Thanks again for this great significant homily. May God bless you and your brothers.

  3. Elissa on August 30, 2017 at 16:31

    I have always wondered who wrote the words to the Magnificat, and it has a precedence in the Old Testament. Just curious.

  4. Anders on August 30, 2017 at 12:05

    Thank you for your sermon to address and calm my questions. It’s easy to wonder if I’ve lost my way or if the church has. At my family’s last church, I was dissed by the priest for being too intense, and the one we now go to is largely self-referential. When I asked if our college care packages would be sent to anyone who didn’t grow up there, I just got a blank stare. So I attend for their excellence in children and youth programs and try to walk the line between authenticity and polite rabble rousing.

    All the while, I just see a big disconnect in contemporary US Christianity to the mission of offering hope to those in need, forgiveness and healing for those whose choices we don’t favor, and living lives of integrity, truth and transparency in the eyes of those on the outside. Yes, churches such as the People’s Church (ELCA) in Bemidji, MN are out there, but in the rare, off my radar minority. So I continue with my own priorities, largely feeling woefully inadequate, but also catching myself at times for feeling smug and incredibly grateful and blessed at others.

  5. Arthur White on August 30, 2017 at 11:26

    “If we do nothing, we will simply be carried along by the materialism and consumerism of our culture. And if we do nothing, nothing will change. We have to be willing to turn around, to walk against the flow of the culture, to push back against the assumptions and values of a nation and culture that refuses to see that its actions are having and will continue to have severe consequences for the entire world.”

    It is fine to ask for material blessings for ourselves and for others and for the living (those who are already here and ask for peace and joy and blessings for those who are not here with us yet or have passed away).
    What is more important for a sustainable future is to ask the people to have a maximum of one child and to not coerce, harass or brow-beat people into having more children. I have observed that first hand at a church nearby (walking distance) towards an audience that came from a part of the world that suffers from over crowding and over population. It is important to ask for material well being and environmental well being of a people because happiness and comfort and wealth is linked to virtue (thankfully). Non wealth and the non peace and loss of freedom it entails often leads to non virtue.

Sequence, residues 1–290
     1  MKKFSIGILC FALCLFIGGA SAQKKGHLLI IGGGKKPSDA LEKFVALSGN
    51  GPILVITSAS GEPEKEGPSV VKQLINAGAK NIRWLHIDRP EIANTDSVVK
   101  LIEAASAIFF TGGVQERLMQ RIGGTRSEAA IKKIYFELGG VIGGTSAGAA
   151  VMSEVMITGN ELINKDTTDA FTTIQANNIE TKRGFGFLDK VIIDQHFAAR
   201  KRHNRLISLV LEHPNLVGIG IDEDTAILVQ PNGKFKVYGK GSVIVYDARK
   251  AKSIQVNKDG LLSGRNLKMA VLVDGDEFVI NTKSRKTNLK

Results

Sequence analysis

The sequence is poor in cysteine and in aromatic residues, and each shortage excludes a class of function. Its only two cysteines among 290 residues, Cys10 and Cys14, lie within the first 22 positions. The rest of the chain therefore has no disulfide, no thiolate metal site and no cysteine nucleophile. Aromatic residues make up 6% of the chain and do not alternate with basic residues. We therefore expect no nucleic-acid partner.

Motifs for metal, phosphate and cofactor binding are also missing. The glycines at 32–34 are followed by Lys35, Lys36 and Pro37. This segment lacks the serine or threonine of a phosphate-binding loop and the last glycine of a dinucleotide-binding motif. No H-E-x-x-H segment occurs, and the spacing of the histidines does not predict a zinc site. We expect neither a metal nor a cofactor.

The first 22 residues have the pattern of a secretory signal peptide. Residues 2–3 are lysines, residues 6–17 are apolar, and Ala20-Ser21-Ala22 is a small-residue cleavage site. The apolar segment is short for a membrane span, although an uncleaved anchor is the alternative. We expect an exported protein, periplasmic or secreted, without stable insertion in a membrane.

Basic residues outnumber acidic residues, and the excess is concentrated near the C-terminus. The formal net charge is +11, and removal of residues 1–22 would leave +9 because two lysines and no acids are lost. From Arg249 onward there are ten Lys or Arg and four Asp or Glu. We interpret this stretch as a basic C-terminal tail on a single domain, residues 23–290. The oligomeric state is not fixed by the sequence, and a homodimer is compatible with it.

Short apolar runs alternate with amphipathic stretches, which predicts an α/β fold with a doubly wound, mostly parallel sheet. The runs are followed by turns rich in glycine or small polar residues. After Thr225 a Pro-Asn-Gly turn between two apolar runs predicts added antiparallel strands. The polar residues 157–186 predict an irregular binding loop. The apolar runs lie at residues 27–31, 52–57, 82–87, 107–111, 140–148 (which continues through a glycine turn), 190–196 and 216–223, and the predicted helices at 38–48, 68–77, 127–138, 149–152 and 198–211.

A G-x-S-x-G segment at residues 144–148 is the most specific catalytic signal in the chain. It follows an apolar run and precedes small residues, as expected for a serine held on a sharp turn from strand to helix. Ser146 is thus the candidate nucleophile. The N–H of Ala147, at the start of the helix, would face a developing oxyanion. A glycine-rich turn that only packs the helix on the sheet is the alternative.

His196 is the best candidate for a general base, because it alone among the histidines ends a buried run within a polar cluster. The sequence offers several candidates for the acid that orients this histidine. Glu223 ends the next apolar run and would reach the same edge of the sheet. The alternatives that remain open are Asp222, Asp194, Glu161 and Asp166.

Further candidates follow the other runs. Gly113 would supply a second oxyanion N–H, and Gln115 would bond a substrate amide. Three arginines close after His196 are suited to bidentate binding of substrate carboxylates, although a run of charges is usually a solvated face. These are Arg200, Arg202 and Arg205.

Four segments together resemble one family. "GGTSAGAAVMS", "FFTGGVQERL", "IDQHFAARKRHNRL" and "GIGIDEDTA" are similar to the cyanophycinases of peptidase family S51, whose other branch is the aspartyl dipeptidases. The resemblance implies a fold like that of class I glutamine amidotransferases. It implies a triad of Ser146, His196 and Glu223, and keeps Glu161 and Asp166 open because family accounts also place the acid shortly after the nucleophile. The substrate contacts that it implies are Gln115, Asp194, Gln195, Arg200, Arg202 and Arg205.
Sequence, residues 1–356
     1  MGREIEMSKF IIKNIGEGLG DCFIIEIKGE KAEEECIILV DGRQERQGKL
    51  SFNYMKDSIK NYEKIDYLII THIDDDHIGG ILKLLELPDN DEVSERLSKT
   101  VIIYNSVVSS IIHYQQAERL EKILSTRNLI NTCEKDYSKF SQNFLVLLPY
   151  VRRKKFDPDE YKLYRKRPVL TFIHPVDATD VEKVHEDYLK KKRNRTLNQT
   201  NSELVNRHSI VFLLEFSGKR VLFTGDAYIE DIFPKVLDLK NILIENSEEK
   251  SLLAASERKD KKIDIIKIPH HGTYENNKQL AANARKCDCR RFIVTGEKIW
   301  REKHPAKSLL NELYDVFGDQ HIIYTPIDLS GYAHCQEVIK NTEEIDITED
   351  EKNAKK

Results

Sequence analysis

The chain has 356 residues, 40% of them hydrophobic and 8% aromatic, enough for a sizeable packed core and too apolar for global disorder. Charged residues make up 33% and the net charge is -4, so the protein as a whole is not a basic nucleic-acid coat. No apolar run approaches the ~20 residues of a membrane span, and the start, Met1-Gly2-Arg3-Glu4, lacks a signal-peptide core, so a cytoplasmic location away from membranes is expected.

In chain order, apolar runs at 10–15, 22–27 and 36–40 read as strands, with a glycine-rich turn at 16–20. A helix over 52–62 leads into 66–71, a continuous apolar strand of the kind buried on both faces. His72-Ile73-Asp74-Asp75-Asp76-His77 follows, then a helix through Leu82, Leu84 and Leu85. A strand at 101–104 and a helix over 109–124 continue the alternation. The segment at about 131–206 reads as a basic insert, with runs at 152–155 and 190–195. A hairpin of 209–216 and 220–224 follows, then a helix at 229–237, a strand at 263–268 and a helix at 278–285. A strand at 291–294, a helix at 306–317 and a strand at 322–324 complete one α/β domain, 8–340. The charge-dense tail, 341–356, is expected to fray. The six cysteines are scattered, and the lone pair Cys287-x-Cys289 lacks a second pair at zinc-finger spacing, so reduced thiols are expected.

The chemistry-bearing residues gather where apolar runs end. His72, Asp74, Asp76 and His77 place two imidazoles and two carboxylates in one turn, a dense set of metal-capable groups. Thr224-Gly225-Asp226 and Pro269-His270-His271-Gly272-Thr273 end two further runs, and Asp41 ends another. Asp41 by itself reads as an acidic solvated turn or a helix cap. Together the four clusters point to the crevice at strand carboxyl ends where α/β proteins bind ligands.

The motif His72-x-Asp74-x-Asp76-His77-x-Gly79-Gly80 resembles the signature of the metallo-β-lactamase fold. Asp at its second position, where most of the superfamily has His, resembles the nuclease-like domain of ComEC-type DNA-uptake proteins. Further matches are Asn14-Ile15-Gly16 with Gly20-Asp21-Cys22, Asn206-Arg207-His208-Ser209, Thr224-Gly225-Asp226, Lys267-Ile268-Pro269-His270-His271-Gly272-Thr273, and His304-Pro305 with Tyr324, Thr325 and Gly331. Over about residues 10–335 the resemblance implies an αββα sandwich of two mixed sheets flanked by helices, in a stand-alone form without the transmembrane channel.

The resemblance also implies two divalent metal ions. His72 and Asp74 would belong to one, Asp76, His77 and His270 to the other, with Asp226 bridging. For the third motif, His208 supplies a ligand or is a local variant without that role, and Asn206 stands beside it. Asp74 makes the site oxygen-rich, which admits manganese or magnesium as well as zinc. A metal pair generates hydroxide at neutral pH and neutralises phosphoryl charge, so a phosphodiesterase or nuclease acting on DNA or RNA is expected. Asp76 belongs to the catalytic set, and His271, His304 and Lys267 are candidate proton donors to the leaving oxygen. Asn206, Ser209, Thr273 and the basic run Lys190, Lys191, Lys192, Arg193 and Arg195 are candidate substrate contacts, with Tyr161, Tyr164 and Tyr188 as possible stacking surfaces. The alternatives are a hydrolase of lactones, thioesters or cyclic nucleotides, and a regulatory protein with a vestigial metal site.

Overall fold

6. Diane Hull on August 30, 2017 at 09:44

    I’m a cradle Lutheran, have attended other churches but think of myself as an Episcopalian. Now, however, I am a member of People’s Church (ELCA) in Bemidji, MN. And am blessed to be a small part of that ministry. It doesn’t resemble any church you will ever see. The building was originally sold by a Methodist congregation (too small and not handicap accessable). Thanks to Pastor Bob Kelly, the changes began. His vision was to serve the homeless and hungry. A ramp was added to accommadate wheel chairs and walkers; the sanctuary and sacristy were remodeled to provide a caretaker bedroom and storage area for beds and blankets; the alter was replaced with a small round table and pews were replaced with chairs so that everything could be moved to provide sleeping space. Today People’s Church is a fully functioning shelter for men (upstairs) and women and children (downstairs) 365 nights a year; a warm and safe place to sleep and to have breakfast and supper. Unlike many other shelters, people under the influence are not turned away as long as they don’t create any problems. Sunday gathering starts with an Agape meal at noon, followed by song and worship. Prayers for ‘our people’ include those who are currently in jail for various offenses that spring from homelessness, addictions, public behaviour, etc, those who have died and those who are elsewhere. It’s messy and often doesn’t work. And however hard we try ‘our people’ still die in the streets of Bemidji. We hold a service of mourning every year on All Saint’s Eve under the old railroad bridge where the Mississippi flows into Lake Bemidji. It’s cold down there, and not easy to get too. But so many have died in and around that lake, it’s an appropriate place for prayers and tears. People’s Church is on Facebook.